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Ann Clin Nutr Metab 2023;15(1):15-21
Published online April 1, 2023
Preoperative consumption of a carbohydrate drink before laparoscopic cholecystectomy is safe and beneficial in Korea: a non-randomized controlled study
Yoo Jin Choi1,2, Yoonhyeong Byun1,3, Seong Mi Yang4, Ho-Jin Lee4, Hongbeom Kim1,5

1Department of Surgery, Seoul National University College of Medicine, Seoul, Korea; 2Department of Surgery, Korea University College of Medicine, Seoul, Korea; 3Department of Surgery, Uijeongbu Eulji Medical Center, Uijeongbu, Korea; 4Department of Anesthesiology and Pain Medicine, Seoul National University Hospital, Seoul, Korea; 5Department of Surgery, Samsung Medical Center, Sungkyunkwan University School of Medicine, Seoul, Korea
Correspondence to: Hongbeom Kim, email:
Received November 11, 2022; Revised December 26, 2022; Accepted January 11, 2023.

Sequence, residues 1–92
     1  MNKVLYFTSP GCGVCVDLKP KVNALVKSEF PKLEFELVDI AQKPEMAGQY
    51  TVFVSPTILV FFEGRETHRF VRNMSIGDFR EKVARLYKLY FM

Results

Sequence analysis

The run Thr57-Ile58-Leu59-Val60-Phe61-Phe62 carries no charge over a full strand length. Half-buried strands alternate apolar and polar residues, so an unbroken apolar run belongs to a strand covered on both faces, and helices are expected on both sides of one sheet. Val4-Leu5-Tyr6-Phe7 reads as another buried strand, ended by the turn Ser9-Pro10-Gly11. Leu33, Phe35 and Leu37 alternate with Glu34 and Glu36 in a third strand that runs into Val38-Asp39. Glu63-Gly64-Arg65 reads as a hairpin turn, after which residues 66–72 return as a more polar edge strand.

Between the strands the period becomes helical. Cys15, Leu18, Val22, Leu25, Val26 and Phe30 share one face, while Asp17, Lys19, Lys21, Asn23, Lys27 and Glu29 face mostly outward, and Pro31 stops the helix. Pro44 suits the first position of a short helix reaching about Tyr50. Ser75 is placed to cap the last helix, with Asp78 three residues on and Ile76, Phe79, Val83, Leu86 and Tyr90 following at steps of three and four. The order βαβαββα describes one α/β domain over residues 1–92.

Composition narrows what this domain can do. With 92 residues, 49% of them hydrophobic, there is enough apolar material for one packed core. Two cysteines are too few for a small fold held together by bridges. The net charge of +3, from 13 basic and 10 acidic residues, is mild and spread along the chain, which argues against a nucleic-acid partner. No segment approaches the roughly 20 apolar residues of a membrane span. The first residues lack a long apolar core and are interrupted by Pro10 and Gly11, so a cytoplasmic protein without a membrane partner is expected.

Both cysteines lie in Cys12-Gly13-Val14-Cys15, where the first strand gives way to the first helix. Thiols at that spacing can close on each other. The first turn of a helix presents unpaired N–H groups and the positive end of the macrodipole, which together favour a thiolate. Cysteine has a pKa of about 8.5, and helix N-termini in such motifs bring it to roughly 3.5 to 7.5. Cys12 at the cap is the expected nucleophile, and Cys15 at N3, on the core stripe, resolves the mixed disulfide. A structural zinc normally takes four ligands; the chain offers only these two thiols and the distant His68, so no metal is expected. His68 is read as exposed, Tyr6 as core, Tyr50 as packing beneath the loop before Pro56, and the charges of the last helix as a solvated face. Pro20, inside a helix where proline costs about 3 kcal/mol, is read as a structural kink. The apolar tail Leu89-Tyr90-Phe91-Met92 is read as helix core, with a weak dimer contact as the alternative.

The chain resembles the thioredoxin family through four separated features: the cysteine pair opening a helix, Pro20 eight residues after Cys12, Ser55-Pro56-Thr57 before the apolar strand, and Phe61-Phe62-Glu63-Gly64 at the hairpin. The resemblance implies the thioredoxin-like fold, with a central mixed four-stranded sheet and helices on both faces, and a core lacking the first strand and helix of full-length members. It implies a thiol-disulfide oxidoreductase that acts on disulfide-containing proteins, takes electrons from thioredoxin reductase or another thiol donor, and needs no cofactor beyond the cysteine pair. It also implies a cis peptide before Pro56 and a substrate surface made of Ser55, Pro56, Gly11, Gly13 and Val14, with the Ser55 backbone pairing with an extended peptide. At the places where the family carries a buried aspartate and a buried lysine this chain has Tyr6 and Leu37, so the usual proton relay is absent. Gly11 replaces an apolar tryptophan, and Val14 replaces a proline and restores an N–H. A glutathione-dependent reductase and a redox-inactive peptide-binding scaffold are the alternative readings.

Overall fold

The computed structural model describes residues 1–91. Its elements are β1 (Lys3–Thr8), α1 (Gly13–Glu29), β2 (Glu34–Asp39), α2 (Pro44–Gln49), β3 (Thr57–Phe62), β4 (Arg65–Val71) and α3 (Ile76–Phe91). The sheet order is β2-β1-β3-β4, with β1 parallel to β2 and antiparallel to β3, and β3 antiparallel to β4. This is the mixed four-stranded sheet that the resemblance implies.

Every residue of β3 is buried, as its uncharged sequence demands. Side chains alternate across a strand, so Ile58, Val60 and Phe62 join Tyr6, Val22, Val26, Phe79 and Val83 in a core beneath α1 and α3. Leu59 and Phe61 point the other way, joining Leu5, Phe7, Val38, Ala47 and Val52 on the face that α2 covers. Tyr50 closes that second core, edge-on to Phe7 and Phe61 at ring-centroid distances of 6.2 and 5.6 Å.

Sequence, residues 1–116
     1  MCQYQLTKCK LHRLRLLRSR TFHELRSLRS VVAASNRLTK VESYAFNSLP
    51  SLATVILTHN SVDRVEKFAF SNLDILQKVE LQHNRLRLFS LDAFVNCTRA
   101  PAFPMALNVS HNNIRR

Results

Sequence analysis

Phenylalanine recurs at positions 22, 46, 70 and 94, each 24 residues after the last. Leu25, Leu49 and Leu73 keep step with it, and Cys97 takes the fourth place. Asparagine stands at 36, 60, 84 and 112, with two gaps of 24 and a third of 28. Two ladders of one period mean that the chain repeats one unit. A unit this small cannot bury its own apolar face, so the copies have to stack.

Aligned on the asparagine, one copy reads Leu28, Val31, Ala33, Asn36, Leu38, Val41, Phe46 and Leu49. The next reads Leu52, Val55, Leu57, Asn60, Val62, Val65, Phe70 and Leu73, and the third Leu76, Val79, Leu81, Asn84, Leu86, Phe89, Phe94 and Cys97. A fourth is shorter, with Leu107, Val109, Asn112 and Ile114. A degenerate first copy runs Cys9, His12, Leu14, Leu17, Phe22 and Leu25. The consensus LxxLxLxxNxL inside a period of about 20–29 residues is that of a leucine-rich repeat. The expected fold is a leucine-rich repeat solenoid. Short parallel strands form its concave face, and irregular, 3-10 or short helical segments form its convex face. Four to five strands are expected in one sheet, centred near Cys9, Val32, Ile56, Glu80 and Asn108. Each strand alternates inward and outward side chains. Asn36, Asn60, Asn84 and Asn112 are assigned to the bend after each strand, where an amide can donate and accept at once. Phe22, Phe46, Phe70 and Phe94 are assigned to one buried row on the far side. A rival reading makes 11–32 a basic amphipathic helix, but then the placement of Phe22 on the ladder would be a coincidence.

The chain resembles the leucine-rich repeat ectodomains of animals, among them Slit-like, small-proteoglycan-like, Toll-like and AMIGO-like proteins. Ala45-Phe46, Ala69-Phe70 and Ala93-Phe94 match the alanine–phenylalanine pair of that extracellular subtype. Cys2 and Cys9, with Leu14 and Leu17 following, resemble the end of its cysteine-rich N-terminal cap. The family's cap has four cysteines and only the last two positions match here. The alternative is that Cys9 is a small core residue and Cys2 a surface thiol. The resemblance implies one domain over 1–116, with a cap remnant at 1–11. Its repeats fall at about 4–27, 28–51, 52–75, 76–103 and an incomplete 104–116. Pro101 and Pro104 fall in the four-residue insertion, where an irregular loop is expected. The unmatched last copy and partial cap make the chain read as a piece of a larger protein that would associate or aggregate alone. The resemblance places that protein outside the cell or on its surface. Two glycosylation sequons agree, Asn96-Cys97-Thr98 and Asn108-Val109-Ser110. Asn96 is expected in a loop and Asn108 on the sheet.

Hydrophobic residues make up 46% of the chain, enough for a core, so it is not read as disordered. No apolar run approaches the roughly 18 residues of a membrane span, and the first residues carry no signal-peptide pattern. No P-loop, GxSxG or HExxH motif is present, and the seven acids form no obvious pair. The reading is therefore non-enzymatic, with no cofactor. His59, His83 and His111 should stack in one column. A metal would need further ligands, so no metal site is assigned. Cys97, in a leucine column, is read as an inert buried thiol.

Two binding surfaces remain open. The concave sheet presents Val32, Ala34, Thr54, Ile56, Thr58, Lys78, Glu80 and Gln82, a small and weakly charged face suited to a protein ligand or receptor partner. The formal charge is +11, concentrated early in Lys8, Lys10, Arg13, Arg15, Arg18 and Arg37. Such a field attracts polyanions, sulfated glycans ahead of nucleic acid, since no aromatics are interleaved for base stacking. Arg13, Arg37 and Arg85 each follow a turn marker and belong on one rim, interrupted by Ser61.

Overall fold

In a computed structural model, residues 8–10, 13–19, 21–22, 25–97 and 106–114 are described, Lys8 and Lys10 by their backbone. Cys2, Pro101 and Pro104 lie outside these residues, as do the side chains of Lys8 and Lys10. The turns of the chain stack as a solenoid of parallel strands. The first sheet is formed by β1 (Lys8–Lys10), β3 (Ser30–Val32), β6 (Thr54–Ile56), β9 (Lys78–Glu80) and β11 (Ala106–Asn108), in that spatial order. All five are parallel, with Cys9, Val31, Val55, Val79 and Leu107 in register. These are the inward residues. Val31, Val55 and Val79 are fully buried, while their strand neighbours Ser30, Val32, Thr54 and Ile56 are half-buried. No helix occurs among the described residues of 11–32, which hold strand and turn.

© 2023 The Korean Society of Surgical Metabolism and Nutrition and The Korean Society for Parenteral and Enteral Nutrition.
This is an Open Access article distributed under the terms of the Creative Commons Attribution Non-Commercial License (, which permits unrestricted non-commercial use, distribution, and reproduction in any medium, provided the original work is properly cited.
Purpose: Overnight fasting prior to elective surgery is the traditional way of avoiding the risk of aspiration during anesthesia induction. However, it causes mental and metabolic stress to patients. Therefore, we investigated the safety and potential benefits of the preoperative consumption of a carbohydrate drink.
Methods: This was a single-center prospective, nonrandomized study with questionnaire. Patients scheduled for elective laparoscopic cholecystectomy were included. There was no restriction on age, underlying diseases, and biliary drainage prior to surgery. They were preoperatively given either a carbohydrate drink or were instructed to fast from midnight before surgery. Perioperative emotional status was measured using the visual analog scale.